In 2009, Peter Bregman published a short but fantastically valuable time management article on the Harvard Business Review called An 18-Minute Plan for Managing Your Day.
This article contains a number of the most important tricks to ensure that your day is as effective and valuable as it could possibly be.
Let me summarise:
At the very start of your work day, preferably before opening email, take 5 minutes to think about and then write down the things you need to do to make the day highly successful.
Now schedule hard blocks of time in your agenda for each of these tasks, placing the most difficult and most important tasks at the start.
Many people know about the value of taking this time to formulate the right tasks to take care of, but not that many recognize the value of scheduling these right into your calendar, along with all of the other less important appointments that usually manage to squeeze out the tasks that are actually important.
Bregman suggests setting some sort of alarm to ring every hour.
When that alarm rings:
… take a deep breath, look at your list and ask yourself if you spent your last hour productively. Then look at your calendar and deliberately recommit to how you are going to use the next hour. Manage your day hour by hour. Don’t let the hours manage you.
To me this advice was the biggest surprise, but after having tried it for a while, I am a convert.
Having some reliable mechanism reminding you every hour to take a step back, evaluate the past hour, and gather your energies to take on the next hour with renewed energy and focus, is an unexpectedly effective trick that has substantially boosted the effectivity of my working hours.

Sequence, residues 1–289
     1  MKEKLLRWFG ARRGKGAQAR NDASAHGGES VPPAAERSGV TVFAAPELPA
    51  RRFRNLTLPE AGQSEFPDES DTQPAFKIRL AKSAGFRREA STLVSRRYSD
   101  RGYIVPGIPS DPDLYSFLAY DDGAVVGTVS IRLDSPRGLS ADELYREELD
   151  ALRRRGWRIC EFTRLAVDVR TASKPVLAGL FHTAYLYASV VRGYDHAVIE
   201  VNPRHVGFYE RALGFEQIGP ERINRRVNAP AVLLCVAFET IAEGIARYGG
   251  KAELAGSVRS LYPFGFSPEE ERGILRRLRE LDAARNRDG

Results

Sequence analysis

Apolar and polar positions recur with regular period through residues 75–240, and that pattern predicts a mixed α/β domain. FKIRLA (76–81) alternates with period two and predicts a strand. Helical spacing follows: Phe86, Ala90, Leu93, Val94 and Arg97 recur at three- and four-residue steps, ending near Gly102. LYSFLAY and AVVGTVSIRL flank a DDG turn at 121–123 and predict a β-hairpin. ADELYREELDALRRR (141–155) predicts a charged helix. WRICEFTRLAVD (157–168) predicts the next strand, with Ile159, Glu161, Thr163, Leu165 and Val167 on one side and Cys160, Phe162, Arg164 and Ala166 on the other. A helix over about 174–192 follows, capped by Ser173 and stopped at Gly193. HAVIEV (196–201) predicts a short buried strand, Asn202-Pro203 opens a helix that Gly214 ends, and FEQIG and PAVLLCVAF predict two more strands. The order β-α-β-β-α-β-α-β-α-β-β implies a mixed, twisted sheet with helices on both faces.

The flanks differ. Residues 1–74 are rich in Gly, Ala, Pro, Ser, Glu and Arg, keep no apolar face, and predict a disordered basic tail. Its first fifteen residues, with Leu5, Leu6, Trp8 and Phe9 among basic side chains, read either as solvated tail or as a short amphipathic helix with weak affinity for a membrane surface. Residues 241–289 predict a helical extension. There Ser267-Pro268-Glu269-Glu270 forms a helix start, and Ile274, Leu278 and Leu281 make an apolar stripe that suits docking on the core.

I found this such a useful trick for maintaining focus that I implemented it as an optional feature in the Lazar Focus tool. You can configure it to remind you every hour, or every 15 or 30 minutes, and you can also activate a meditation bell sound, something that I find brings me back even more quickly to my focus.
The notification looks as follows:
The third and final step in Bregman’s plan is to take five minutes at the end of the day to review how it went:
What worked? Where did you focus? Where did you get distracted? What did you learn that will help you be more productive tomorrow?
Any good time management approach should involve one or more forms of review. This helps us to learn, and also generally to keep the whole process ticking along smoothly.
To reiterate: Bregman’s post is one of the most compact yet valuable pieces of writing on effective time management.
I hope that you find as much value from the 18-minute plan as I do, and that perhaps Lazar Focus could play a small role in this.
Block distractions with Lazar Focus so that you can focus on what's important.